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Accomplishing as Much Good as Possible: Honors Alum Alexander Berger Paves the Way for More Effective Giving

Nov 12 2021
Diana Aguilera

Before Alexander Berger arrived at Stanford, his father gave him one piece of advice: take classes with professors known as great teachers, whether or not the classes themselves are of great interest. Unbeknownst to him, following this advice shaped the course of his undergraduate experience.

As a freshman, Berger, ’11, first met political science professor Rob Reich as a guest lecturer for one of his classes. Drawn by his teaching style, Berger felt compelled to register for Reich’s courses over the next two years. This ultimately led him to complete the Honors Program in Ethics in Society, with Reich, the faculty director of the McCoy Family Center for Ethics in Society, as his advisor. “The process of writing a thesis had a great impact on me – developing an argument at that length and in that level of detail was something that I hadn't done before,” says Berger.

For him, the impact of the Honors Program extended beyond the classroom. During an honor’s seminar, he read a paper about kidney donations that mentioned how safe kidney procedures had become. Immediately, he was intrigued with the idea of helping someone by giving them, on average, 10 more years of life. The more he learned about how safe the procedure was and how much it would benefit the recipient, the more reasonable it seemed. Six months after graduating with a B.A. in philosophy, he donated one of his kidneys to a stranger.

“When I first told some friends and family that I wanted to donate a kidney, they assumed I’d gone off my rocker,” Berger wrote in an op-ed in the New York Times. “They saw it as a crazy act of self-sacrifice, rather than what it is — one of the many ways a reasonably altruistic person can help others.”

It was during his junior year, around the time that he was learning about kidney donations and effective altruism, that he asked himself, “How can I give back to the world?” While pondering this question, he came across GiveWell, an independent nonprofit dedicated to finding outstanding giving opportunities to help donors decide where to donate their money. Intrigued by its mission, Berger first volunteered there as a junior. After graduation, Berger worked at GiveWell as a researcher conducting evidence reviews and cost-effectiveness analyses for potential top charities. During that time, Berger and his colleagues wondered, “How can donors accomplish as much good as possible with the highest, long-term impact?” Shortly after, Berger and co-founders Holden Karnofsky, Cari Tuna, and Dustin Moskovitz launched Open Philanthropy.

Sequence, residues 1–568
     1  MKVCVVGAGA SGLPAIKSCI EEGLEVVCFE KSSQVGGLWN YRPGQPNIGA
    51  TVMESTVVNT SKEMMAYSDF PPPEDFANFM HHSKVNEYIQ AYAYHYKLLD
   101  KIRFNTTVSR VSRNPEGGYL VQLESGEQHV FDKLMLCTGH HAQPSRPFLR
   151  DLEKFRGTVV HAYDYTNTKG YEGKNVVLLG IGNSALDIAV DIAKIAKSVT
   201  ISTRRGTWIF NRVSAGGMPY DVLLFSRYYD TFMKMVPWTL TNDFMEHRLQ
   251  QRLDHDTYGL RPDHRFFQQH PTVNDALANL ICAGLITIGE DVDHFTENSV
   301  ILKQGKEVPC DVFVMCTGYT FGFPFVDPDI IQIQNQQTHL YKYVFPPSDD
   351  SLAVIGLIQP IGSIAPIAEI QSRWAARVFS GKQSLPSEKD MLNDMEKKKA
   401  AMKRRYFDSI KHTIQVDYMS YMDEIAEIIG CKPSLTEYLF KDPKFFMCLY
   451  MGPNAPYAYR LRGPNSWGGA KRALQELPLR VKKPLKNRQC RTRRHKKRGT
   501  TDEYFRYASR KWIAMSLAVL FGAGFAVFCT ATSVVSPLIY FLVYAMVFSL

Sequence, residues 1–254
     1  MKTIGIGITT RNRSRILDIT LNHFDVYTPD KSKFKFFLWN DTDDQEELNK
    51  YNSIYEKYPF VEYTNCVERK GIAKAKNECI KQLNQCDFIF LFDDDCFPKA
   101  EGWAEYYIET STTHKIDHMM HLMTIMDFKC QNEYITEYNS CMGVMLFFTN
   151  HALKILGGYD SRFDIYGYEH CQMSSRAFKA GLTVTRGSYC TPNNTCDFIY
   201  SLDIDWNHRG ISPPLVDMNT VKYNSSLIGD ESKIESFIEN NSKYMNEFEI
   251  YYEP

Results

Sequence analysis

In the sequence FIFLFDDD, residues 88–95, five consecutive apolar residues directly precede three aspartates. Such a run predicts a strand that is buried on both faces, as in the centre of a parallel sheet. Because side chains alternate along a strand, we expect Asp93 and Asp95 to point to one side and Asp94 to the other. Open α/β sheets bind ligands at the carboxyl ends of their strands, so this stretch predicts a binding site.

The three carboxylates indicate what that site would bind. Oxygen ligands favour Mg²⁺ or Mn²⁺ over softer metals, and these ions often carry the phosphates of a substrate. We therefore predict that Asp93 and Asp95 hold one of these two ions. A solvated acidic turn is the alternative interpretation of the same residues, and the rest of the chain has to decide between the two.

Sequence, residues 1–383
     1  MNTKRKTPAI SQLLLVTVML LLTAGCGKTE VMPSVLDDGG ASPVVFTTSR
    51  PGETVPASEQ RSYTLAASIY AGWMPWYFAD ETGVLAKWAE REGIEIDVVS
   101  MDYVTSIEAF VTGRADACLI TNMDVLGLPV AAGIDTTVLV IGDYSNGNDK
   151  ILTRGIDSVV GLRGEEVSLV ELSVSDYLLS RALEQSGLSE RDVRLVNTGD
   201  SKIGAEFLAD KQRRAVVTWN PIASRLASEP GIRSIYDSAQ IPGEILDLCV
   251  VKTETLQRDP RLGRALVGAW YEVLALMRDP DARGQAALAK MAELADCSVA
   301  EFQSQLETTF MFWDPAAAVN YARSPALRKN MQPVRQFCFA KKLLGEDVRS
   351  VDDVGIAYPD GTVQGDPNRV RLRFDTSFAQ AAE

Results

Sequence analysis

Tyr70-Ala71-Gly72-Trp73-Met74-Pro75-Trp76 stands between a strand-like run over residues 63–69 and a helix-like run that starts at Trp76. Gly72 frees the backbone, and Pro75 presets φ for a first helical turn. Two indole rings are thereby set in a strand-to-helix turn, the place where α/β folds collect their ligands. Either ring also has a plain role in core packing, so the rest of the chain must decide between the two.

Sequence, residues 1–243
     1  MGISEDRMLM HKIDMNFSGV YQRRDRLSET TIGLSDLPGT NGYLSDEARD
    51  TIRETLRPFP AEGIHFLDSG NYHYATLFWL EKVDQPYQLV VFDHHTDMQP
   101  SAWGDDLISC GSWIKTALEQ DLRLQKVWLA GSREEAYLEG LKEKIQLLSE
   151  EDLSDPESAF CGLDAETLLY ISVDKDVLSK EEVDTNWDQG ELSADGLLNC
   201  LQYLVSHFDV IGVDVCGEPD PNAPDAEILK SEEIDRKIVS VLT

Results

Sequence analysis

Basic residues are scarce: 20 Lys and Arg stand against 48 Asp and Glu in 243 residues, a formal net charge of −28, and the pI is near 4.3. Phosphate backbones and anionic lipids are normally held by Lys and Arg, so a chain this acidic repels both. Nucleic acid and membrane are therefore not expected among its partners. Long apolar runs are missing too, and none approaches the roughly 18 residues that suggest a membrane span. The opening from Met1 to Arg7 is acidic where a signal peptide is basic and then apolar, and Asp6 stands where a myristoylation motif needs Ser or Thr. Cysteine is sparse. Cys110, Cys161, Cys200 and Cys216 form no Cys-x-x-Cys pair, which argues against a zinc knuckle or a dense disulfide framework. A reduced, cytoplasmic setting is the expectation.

Originally incubated as a partnership between the philanthropic foundation Good Ventures and GiveWell, Open Philanthropy is a research and grantmaking foundation with the mission to give as effectively as possible. Its main focus areas are U.S. policy, global catastrophic risks, scientific research, and global health & development. “The idea of trying to answer the question of how can you use resources to help people is what I found really motivating and exciting,” Berger says. “It’s a compelling, open-ended question that motivates a lot of inquiry and is always driving us.”

As co-founder, Berger led the initial process for selecting focus areas and hiring and training program officers within them. Now, as co-CEO, he oversees grantmaking in global health and development, scientific research, farm animal welfare, and criminal justice reform, among other causes. He also leads the research fellow team tasked with selecting new high-impact global health and wellbeing causes.

Berger describes Open Philanthropy as an effective altruist organization. In essence, effective altruism is a philosophy and social movement that advocates the use of evidence and reasoning to determine the most effective ways to benefit others. Open Philanthropy supports organizations that seek to introduce people to the idea of doing as much good as possible, provide them with guidance in doing so, connect them with each other, and generally grow and empower the effective altruism community.

“For the work that I do, having a philosophy degree and the Ethics in Society type framing is  helpful,” Berger says. “Sometimes I joke to people who have philosophy backgrounds that what we do is very applied ethics. We're trying to figure out a bunch of concrete facts about the world and then interact with philosophy to try to inform the question of what should we actually do.”

In fact, Berger is not the only Ethics in Society Honors Program alum at Open Philanthropy. Claire Zabel, who leads their grantmaking on effective altruism, is a member of the 2013-14 honors cohort. For Berger, being surrounded by “super smart, talented, interesting, altruistic people every day” makes his job even more rewarding.

Looking ahead, he is eager to figure out where their next round of growth should be. "That's something that I'm really motivated to engage in and come up with a good answer because I think the stakes are high.”

Reminiscing on his undergrad years, he says following his father's advice turned out to be the best decision he made at Stanford.

"The Buzz" is the McCoy Family Center for Ethics in Society's media portal for ethics-related news on campus and beyond. We review events and speakers, and we feature initiatives that are of broad interest. A wide range of voices author the articles, including undergraduate students.